This story won the 2014 Sigma Delta Chi award for Feature Reporting and the 2014 Herbert Spencer Award for Best Writing by the Michigan Press Association.
One of the highest points on Isle Royale is at the top of Mount Ojibway, a flattened crest above the trees where eagles nest, winds buffet and wild blueberries grow.
From there, you can see all the way to Canada — it’s closer than Michigan — and watch the laughing white caps of Lake Superior pound the rocky shores in every direction.
It’s from way up there that Rolf Peterson listens for signs of life.
Getting there isn’t easy, but even at 64 years old, Peterson barely breaks a sweat despite the terrain. He has made this trek so many times he recognizes individual trees and juneberry bushes.
“You see that radio tower way over there?” he asks, pointing to a steel structure, small and hazy in the distance.
He chuckles with compassion. “It’s actually farther away than it looks.”
Under the canopy of aspen trees and balsam fir, the trail he follows is little more than a rough-hewn path of jagged boulders and exposed roots, the red soil packed hard by the countless footfalls of nature lovers and adventure seekers who visit the island every year.
When the trail breaks above the tree line, he climbs the 50 steps to the top of the radio tower.
He pulls from his 40-year-old backpack a receiver and two small antennas. He slowly swings the antennas left to right, waiting for a sound, listening for something other than static.
It has been more than a month since he has picked up the ping – the sign that Isabelle or Pip, the two radio-collared wolves on the island, are nearby.
He knows they’re not dead. Not yet, at least. He, more than anyone else, would know.
For more than 40 years, he has spent every summer on the island with his wife, Candy, in a cabin with no running water as the chief researcher on a world-renown study through Michigan Technological University called the Wolf-Moose Project.
Now in its 55th year, it’s the longest running study of its kind in the world, and it could happen only at Isle Royale.
The island park is the only place on the entire planet where a major predator and a major ungulate — a fancy biologist’s term for things like deer, elk and moose — live together without the interference of some other species.
Peterson turns the antenna in another direction.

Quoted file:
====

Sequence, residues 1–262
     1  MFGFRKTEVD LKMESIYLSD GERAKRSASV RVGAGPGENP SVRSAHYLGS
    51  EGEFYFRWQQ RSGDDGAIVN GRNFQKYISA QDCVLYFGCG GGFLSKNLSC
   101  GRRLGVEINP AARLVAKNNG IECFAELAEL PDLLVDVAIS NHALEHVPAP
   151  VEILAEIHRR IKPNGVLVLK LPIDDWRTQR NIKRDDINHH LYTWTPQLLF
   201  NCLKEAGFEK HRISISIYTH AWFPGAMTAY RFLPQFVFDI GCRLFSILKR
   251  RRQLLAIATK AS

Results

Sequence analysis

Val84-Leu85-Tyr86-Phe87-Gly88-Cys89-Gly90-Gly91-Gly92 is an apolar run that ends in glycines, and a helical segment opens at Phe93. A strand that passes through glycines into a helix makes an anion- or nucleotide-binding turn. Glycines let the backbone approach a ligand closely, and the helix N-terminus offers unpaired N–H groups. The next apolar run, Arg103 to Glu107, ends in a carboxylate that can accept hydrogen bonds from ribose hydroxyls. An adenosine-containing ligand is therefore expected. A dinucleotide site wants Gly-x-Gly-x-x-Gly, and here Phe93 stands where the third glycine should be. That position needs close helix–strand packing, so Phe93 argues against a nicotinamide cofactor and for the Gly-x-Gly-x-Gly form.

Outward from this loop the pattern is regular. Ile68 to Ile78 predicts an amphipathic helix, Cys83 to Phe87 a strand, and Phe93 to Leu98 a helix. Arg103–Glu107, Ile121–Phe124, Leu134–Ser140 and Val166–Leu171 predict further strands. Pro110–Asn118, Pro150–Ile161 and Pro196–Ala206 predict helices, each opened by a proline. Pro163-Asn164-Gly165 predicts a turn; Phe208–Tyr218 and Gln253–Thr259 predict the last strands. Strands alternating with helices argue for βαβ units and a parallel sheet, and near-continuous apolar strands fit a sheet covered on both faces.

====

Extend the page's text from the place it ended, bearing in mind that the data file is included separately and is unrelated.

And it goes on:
Several minutes pass.
All he hears is silence.
There are only eight adult wolves left on Isle Royale, and they have little to say.
Read the entire series in the Lansing State Journal here.
PHOTO CREDITS: Rod Sanford, Lansing State Journal; Wolf Moose Project
Between 1932 and 1933, an estimated 4 million Ukrainians died from starvation in what is now widely accepted as a premeditated famine perpetrated by the Soviet Union.
Nina Grigg survived it.
But the famine -- the hunger -- was just the beginning of a journey that would take her to a slave labor camp in Nazi Germany before finding family and freedom in America.
"I don't know why God let me live through so much," she says. "But he did. This life, it is a blessing."
This story won First Prize for writing for the Gannett Corporation in 2014. Read the entire story here.
Jacob Atem thought it was over when they asked for his identification.
It was a few days before Christmas, and he and thousands of other displaced civilians had been hiding inside a United Nations compound in South Sudan to escape growing violence between government and rebel forces.
Food and water were scarce. Outside the U.N. walls were 15,000 armed rebels and a worsening conflict that threatened to plunge the world's youngest nation back into civil war.
But now, on Dec. 21, there was a plane, a way out.
Hope bloomed as Atem waited in line to board. The flight would take him to South Sudan's capital, Juba. From there, he would fly to Rwanda where his pregnant wife, Linda, waited for him.
But then a rebel carrying an automatic weapon began asking for passports. This wasn't good. Atem is Dinka, one of two major ethnic groups in South Sudan. The rebels outside the U.N. compound were from the rival tribe, Nuer.
Atem handed over his passport reluctantly, fearing what would happen if he refused.
"Are you Dinka?" the rebel asked.
Atem said yes. There was no point in lying.
"You're not leaving," he recalled the man saying. "If you get on the plane, we will shoot it down."
More than two decades after escaping civil war in Sudan, after wandering for years in the African bush with thousands of other young men later dubbed "Lost Boys," Atem feared his struggle had accomplished nothing.
He had survived the murder of his parents, the kidnapping of his sister, a lion attack, a river swimming with crocodiles, unrelenting heat and hunger.
He had eventually found refuge in America, in the warm embrace of a family in Webberville. He learned to speak English, earned his bachelor's degree at Spring Arbor University, his master's degree at Michigan State. He'd found love and life.
Then he'd returned to his home country during a brief moment of peace to help his people by opening a health clinic.
But as he looked at the end of the gun now pointed in his direction, he suddenly wondered if he had ever really escaped.
The unending violence in Sudan was going to kill him after all.
This story won a 2014 Amy Foundation Award for reporting on faith. You can read the entire story in USA TODAY here.
PHOTO CREDIT: Lansing State Journal, Reuters
The Netherlands, 2007 -- Sometimes, it seemed to Piet van Schuppen that it must be where all of history began, the little five-mile circle of Holland where he lived.